The film drops us into its own central science-fictional conceit and expects us to play catch-up, but it's not too hard if you've been at this game long enough, the idea's simple -- Andrea Riseborough plays Tasra Vos (I see Brandon got character naming skills from his pops too), an albinic ex-wife and mother who for work puts on a large helmet and parasite-like invades a select person's consciousness, using that person's body to then murder someone close to that person for money. The host body she's taken over takes the blame for the killing, voila, everybody actually complicit walks away scot-free.
Tasra, while inside the other person's brain, is supposed to take their life once they've committed their crime, a safe-wall of attrition that keeps the set-up from being uncovered, but Tasra has begun to have some slippage once we meet her, and can't seem t pull that final trigger. Her own personal life's in shambles, and she seems to be finding a source of comfort and completion in Being Somebody Else -- although this is a real chicken or the egg scenario since we don't see her backstory; perhaps her life crumbled because she started letting her consciousness worm whore itself around all over.
Of course it's more than that -- like his father Brandon has adopted the intermingling of wet thick flesh with cold hard other-than; you know how the Brundle-fly at the end of the film The Fly has fully morphed into a quivering heap of steel slabs and hamburger sweat? Our deep mental, then turned physical, aversion to this co-mingle -- think also of the sexualized bodies twisted in car wrecks of Crash -- is the Cronenbergian sweet spot, and Possessor sneaks its sweet way around its own sort; we watch bodies melt and re-melt like wax in backwards time, beards and body hair sliming unnaturally -- it is beautiful and awful in beautiful, awful measure.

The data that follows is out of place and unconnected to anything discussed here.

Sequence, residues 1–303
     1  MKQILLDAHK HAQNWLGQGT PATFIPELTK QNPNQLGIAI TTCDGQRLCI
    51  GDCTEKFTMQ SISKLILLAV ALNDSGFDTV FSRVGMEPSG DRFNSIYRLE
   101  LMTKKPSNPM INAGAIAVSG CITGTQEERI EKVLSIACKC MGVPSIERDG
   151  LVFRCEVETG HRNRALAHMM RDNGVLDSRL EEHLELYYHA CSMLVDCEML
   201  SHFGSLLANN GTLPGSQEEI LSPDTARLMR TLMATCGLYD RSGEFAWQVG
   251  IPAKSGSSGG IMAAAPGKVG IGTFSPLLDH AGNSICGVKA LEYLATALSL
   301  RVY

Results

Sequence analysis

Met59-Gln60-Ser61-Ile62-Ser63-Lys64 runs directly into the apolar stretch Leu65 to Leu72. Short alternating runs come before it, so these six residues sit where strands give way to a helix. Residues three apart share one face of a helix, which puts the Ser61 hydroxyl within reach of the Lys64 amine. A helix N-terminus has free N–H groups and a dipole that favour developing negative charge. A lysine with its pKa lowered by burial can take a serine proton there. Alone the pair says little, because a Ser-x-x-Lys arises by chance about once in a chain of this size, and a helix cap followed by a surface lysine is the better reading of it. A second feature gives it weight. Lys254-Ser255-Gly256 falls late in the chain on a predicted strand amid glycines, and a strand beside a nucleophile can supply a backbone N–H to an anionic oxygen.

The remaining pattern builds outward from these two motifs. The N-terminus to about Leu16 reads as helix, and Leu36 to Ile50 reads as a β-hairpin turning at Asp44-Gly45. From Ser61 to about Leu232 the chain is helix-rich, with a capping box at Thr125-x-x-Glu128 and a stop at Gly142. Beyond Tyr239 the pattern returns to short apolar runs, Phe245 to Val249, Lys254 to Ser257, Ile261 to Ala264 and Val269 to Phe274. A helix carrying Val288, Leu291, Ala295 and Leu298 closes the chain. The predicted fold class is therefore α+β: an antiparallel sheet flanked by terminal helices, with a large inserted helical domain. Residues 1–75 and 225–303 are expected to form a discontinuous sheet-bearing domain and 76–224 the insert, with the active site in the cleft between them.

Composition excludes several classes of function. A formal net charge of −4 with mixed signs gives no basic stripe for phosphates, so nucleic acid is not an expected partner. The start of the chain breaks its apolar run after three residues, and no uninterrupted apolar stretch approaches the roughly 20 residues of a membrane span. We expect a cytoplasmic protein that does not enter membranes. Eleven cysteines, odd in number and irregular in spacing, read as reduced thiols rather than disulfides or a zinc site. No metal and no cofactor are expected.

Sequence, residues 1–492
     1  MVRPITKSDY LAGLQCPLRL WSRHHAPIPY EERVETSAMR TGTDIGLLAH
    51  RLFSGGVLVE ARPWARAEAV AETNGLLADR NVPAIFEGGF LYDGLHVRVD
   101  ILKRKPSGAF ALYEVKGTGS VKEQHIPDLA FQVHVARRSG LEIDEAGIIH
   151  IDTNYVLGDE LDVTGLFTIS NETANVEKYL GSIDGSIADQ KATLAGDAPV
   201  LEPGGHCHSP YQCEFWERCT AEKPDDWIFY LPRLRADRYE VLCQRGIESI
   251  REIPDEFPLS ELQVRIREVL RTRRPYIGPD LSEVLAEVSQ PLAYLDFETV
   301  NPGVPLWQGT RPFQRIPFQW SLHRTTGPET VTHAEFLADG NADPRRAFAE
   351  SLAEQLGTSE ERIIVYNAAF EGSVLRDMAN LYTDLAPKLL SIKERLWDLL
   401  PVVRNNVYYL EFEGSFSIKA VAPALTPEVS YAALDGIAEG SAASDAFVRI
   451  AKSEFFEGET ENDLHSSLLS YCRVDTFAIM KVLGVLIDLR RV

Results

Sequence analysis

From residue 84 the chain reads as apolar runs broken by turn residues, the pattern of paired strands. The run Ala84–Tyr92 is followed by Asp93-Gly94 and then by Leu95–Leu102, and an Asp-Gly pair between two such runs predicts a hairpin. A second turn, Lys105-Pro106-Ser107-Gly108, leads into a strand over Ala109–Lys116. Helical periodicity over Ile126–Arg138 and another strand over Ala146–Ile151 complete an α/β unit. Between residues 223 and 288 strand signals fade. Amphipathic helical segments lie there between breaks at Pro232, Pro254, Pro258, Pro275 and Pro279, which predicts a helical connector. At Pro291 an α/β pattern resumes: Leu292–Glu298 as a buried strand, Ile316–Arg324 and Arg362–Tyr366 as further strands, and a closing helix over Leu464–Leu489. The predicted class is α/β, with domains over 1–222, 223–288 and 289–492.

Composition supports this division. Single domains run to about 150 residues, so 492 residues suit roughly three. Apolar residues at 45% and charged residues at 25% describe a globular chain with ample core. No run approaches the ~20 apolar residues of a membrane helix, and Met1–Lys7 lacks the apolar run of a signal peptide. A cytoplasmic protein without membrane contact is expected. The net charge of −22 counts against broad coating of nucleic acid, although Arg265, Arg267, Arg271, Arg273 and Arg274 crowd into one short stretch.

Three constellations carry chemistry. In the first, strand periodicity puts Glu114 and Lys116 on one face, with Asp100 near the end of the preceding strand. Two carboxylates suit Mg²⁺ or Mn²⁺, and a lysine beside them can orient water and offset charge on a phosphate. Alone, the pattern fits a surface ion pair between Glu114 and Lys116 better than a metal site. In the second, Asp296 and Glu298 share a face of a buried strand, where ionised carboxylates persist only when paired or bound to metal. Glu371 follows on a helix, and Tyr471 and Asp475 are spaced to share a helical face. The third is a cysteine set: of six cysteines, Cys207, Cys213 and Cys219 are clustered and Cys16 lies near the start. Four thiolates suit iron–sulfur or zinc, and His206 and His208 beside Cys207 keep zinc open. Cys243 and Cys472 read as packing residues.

It's a big step up for Cronenberg Jr. -- I liked Antiviral but Possessor is its better in always; it's more assured of its ideas, more simple in its execution. It's weird to call a movie this weird "simple" but Possessor doesn't feel the need to obfuscate itself a la a Nolan movie in order to make itself profound; its ideas are already profound meditations on selfhood in themselves, and everybody works backwards from there -- including really terrific performances from Riseborough and Chris Abbott as the boy she takes over -- whittling it down to a sleek machine of maximum disturbance.